Students in New Jersey will soon be learning about climate change from kindergarten through 12 grade under the state’s new education standards.
On June 3, New Jersey became the first in the country to incorporate climate change education into its K-12 learning standards, which serve as the guidelines for what is taught to the state’s 1.4 million students.
The effort to integrate climate change into the curriculum was led by New Jersey First Lady Tammy Murphy, who has met with more than 130 educators across the state over the past year to review and revisit existing learning standards, a process that occurs every five years.
“In New Jersey, we have already begun to experience the effects of climate change, from our disappearing shorelines, to harmful algal blooms in our lakes, super storms producing torrential rain and summers that are blazing hot,” Murphy said in a statement.
Murphy stated the adoption of these standards is a symbol of a partnership between generations, giving the tools to current students to solve issues related to climate change.
“This generation of students will feel the effects of climate change more than any other and it is critical that every student is provided an opportunity to study and understand the climate crisis through a comprehensive, interdisciplinary lens,” she declared.
The new standards cover seven subject areas – 21st Century Life and Careers, Comprehensive Health and Physical Education, Science, Social Studies, Technology, Visual and Performing Arts and World Languages, according to the New Jersey State Board of Education.
Schools are expected to start implementing the new guidelines in September 2021 and will have the flexibility to decide how best to incorporate the standards into lessons.
Guidelines for Mathematics and Language Arts aren’t up for review until 2022, but the state board of education added climate change standards as an appendix to those subjects.
New Jersey Department of Education Commissioner Lamont O. Repollet said, “One of the goals of our learning standards is to ensure New Jersey students are prepared to think critically, analyze data and work collaboratively. These skills will be more important than ever as today’s young minds learn how to address the issue of climate change.”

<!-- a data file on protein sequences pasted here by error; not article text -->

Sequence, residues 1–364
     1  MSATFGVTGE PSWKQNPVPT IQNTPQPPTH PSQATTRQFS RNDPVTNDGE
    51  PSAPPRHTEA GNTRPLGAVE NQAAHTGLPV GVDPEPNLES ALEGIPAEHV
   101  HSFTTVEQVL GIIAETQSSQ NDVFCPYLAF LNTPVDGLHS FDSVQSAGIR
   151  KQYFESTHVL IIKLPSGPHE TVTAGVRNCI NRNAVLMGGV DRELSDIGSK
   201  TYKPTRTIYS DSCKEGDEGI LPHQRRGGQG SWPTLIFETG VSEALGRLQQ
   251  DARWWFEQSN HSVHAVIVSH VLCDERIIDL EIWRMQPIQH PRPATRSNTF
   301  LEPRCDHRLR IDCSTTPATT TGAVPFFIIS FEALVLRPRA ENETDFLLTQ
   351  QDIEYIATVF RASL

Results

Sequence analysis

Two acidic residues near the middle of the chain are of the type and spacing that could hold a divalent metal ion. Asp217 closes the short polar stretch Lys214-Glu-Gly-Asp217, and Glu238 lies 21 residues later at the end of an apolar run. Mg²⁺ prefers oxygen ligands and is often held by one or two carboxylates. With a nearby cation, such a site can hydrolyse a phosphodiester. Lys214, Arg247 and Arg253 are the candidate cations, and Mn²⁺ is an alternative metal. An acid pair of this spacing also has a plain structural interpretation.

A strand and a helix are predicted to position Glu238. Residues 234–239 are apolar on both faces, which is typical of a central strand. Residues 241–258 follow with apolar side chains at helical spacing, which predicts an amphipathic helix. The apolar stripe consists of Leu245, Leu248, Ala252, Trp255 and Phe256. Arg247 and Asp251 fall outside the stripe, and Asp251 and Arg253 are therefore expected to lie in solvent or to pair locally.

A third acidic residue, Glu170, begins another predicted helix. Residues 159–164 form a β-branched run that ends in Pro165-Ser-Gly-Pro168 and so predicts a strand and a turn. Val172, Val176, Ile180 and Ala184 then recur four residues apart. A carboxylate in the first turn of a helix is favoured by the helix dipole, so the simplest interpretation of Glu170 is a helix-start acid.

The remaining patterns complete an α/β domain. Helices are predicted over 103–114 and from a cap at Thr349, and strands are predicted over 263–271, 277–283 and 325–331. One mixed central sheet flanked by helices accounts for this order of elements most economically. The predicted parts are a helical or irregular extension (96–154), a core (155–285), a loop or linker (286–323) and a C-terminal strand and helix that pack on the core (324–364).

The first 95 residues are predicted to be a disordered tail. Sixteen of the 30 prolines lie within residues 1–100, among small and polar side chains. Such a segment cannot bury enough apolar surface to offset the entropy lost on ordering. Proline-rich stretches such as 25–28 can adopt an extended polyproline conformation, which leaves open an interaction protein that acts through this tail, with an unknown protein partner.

Marie Blistan, president of the New Jersey Education Association, believes the new curriculum gives students a meaningful understanding of climate change so as seeing the value in working to reduce its negative effects.
“Our students must know what the scientific community knows: climate change threatens our way of life, is driven by human activity, and can be slowed down through intentional, coordinated acts,” said Blistan.
New Jersey received accolades from many environmental advocates, including former Vice President Al Gore, for making climate change education a priority.
Gore, in a statement, said he was “incredibly proud” of New Jersey.
“This initiative is vitally important to our students as they are the leaders of tomorrow and we will depend on their leadership and knowledge to combat this crisis,” Gore said. “We will need leaders who are not only well educated about the effects of climate change, but leaders who can craft the solutions for climate change and implement those solutions.”
Doug O’Malley, director of Environment New Jersey, said climate change education “should be the expectation for every state” because the “climate crisis is going to impact the students of today over their lifetimes the most.”
“We should give young people a full understanding of all the costs of climate change and the knowledge to help shape our collective actions now,” he said.
Gov. Phil Murphy called the adoption of the new standards “an important step forward” that will help the state create “a catalyst and knowledge base for new green jobs and teaching our children to become leaders who will propel New Jersey forward to 100% clean energy by 2050.”